15. The newspaper said that when the reporter met the senior members of hotel staff he was told by them that the room in which the activity took place was clearly visible to people in the adjacent room and there was no mention of any curtain or screen obscuring people from seeing inside. It said that the reporter had no reason to believe that hotel staff were not telling the truth and when the reporter viewed the room there were windows in the room – in the adjoining door and leading to the gardens – which would have allowed someone looking in to the side room to see what was taking place.
16. The newspaper did not accept that the article represented an intrusion into the complainant’s privacy. It said that it had carefully considered the public interest in reporting all the facts of the case, and balanced this against the party-goers’ right to privacy. These considerations had formed the basis for the newspaper’s decision not to name any of the group in the article.
17. The newspaper said that to the extent that the newspaper’s act of viewing the CCTV footage alone could be considered an intrusion, there was a public interest in reporting on the full events of the night, given that the outbreak of food poisoning had been widely reported on previously. Given the raucous nature of the party, it said that it was reasonable to consider how the party-goers may have contributed to the ill-effects they had experienced. The newspaper said that having made the allegation against the hotel, the complainant and her friends could not reasonably seek to impose a one-sided limitation on the scope of investigation, nor demand complete privacy for the events of that evening. Such events had become a proper matter of public inquiry and concern.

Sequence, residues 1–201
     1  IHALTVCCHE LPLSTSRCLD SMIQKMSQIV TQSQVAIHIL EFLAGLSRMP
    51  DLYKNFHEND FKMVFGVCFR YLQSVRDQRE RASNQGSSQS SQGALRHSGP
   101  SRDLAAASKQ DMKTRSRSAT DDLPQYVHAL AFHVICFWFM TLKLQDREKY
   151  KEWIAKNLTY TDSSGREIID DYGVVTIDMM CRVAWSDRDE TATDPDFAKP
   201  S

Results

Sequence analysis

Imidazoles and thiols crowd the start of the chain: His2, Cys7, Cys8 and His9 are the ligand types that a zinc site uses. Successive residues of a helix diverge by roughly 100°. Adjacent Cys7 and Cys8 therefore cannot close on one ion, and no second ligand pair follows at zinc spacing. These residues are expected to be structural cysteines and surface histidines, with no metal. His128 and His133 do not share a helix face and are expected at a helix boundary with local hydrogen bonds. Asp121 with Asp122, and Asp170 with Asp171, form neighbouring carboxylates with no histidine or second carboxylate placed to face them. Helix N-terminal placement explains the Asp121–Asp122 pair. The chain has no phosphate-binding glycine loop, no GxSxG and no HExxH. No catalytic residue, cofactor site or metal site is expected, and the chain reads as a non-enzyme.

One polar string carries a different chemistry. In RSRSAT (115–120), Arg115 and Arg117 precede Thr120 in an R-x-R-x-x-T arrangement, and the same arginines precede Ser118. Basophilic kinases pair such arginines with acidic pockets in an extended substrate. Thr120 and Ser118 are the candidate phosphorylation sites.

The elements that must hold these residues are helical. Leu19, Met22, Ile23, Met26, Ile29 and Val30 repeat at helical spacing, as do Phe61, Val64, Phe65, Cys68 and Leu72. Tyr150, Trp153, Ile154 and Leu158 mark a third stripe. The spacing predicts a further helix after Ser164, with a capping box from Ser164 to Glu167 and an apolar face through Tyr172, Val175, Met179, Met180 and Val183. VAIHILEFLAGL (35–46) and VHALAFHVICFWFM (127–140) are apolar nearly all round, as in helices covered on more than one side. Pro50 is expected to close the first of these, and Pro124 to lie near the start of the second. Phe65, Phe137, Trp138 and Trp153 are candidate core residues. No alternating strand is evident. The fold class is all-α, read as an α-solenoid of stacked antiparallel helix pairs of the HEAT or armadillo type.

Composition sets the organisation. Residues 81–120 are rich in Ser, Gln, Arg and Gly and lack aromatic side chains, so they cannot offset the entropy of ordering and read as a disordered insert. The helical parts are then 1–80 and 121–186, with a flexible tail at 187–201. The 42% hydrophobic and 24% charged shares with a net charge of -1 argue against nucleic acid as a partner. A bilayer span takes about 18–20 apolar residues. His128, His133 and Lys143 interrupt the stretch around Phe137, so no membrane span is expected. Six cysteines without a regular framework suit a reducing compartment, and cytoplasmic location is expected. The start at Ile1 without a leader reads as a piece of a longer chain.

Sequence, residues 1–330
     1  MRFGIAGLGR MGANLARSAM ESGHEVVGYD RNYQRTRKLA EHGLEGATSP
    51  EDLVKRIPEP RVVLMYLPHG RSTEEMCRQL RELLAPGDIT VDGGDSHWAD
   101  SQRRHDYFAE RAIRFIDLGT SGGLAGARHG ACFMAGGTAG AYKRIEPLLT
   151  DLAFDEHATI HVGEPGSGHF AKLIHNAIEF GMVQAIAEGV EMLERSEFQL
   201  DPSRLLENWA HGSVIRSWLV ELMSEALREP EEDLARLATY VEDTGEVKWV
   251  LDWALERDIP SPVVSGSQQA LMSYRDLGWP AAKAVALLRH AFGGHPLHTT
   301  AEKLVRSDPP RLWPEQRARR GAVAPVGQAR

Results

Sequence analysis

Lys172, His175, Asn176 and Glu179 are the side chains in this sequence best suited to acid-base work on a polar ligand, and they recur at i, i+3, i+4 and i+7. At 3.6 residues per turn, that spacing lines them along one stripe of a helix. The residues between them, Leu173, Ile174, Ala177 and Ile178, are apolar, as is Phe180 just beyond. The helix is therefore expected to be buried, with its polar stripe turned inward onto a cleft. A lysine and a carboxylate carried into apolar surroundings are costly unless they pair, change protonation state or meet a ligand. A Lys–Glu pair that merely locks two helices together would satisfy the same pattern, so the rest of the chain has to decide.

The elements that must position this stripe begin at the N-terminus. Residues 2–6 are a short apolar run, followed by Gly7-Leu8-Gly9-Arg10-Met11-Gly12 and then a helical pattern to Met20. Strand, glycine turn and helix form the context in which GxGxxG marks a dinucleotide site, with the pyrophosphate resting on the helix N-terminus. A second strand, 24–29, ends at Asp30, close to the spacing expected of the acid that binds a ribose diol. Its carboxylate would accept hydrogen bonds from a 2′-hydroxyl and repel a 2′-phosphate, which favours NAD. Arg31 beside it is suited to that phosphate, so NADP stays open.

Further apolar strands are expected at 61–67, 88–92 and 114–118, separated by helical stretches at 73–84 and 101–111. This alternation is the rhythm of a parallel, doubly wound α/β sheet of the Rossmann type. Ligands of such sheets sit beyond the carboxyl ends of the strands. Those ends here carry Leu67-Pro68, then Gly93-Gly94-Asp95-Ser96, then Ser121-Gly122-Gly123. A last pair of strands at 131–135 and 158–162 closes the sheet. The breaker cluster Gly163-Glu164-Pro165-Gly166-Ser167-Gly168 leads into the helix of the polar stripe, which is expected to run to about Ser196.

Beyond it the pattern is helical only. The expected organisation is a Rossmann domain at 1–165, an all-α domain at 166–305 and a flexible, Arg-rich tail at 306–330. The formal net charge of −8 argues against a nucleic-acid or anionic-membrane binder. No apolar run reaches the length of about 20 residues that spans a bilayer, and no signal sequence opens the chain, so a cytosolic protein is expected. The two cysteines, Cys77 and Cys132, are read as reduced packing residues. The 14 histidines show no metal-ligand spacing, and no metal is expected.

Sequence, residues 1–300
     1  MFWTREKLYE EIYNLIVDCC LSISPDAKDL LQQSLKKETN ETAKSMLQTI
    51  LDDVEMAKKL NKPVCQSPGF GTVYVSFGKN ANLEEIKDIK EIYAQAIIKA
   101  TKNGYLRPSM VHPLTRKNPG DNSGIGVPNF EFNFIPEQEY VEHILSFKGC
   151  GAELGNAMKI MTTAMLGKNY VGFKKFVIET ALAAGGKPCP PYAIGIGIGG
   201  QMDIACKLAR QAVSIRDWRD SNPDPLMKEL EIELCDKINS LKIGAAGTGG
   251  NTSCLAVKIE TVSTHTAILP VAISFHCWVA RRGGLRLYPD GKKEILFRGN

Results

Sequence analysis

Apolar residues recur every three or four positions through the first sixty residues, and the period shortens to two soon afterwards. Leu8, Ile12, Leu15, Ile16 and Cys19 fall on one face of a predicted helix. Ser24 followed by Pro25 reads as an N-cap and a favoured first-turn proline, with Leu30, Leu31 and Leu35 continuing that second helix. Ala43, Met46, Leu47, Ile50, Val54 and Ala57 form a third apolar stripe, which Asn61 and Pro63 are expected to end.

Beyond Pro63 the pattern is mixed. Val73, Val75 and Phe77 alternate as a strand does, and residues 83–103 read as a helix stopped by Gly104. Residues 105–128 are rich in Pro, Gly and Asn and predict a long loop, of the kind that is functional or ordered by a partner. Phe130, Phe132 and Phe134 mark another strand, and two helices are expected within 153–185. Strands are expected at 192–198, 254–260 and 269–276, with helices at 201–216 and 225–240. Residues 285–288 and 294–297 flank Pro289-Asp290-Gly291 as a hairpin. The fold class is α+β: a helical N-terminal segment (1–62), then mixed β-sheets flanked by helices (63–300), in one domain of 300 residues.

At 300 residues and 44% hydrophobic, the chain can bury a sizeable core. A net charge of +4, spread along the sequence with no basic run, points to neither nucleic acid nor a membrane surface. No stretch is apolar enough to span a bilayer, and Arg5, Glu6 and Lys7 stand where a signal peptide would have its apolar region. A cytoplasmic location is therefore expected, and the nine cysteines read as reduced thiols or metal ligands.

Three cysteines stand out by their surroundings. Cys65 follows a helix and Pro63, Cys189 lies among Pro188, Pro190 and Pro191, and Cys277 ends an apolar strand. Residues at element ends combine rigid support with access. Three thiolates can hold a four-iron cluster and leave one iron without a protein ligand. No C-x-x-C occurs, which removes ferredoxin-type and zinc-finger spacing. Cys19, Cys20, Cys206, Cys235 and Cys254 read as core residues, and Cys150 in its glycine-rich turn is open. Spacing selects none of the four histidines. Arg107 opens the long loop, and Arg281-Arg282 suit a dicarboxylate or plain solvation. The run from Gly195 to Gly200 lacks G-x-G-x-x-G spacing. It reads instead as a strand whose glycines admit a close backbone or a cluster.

18. The newspaper said that it had viewed the CCTV footage, having been invited to do so by the hotel: there was no unauthorised access, no hidden camera and no subterfuge so as to engage the terms of Clause 10. It noted that the hotel advises guests via signage in the premises that CCTV is used throughout the hotel for their safety and security. It said that the public interest in reporting on the story, set out above, had been considered prior to viewing the footage and before publication.
19. The complainant disputed that the reporter had viewed the CCTV footage. Further, she did not accept that the reporter’s notes which the newspaper had provided, accurately recorded the actions of the party-goers.
Relevant Code provisions
Clause 1 (Accuracy)
i) The Press must take care not to publish inaccurate, misleading or distorted information or images, including headlines not supported by the text.
ii) A significant inaccuracy, misleading statement or distortion must be corrected, promptly and with due prominence, and — where appropriate — an apology published. In cases involving IPSO, due prominence should be as required by the regulator.
Clause 2 (Privacy)